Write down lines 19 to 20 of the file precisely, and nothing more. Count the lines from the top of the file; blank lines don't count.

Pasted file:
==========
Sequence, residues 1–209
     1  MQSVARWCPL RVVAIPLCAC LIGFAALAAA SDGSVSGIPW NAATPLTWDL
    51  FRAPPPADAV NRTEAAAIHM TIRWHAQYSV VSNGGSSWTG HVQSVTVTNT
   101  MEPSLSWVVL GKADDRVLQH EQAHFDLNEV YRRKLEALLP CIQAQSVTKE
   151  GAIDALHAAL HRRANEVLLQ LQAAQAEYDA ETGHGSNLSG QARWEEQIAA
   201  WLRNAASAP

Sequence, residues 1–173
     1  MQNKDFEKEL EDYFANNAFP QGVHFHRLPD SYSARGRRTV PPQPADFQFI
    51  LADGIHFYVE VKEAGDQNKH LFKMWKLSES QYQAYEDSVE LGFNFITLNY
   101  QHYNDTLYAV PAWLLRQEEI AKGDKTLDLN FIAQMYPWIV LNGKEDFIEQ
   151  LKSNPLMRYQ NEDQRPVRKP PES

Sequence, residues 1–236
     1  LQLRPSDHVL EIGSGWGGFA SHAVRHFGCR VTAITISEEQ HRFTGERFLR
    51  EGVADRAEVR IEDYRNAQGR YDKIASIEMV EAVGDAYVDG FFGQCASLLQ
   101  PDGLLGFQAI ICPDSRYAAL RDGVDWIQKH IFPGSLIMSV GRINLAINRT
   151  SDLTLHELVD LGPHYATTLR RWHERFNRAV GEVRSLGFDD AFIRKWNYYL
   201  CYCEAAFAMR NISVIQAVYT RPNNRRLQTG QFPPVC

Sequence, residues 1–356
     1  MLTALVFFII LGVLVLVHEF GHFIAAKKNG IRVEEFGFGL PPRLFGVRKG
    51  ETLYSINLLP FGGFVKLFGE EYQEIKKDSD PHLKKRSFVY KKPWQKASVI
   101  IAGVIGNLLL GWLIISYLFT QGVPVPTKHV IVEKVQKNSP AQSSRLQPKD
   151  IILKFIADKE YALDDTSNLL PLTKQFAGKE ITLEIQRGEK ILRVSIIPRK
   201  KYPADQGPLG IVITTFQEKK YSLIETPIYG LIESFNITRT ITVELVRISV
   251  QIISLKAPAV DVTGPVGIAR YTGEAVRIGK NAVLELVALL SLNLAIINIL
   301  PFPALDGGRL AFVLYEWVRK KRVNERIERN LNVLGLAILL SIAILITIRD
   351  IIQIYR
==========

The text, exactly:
     1  MLTALVFFII LGVLVLVHEF GHFIAAKKNG IRVEEFGFGL PPRLFGVRKG
    51  ETLYSINLLP FGGFVKLFGE EYQEIKKDSD PHLKKRSFVY KKPWQKASVI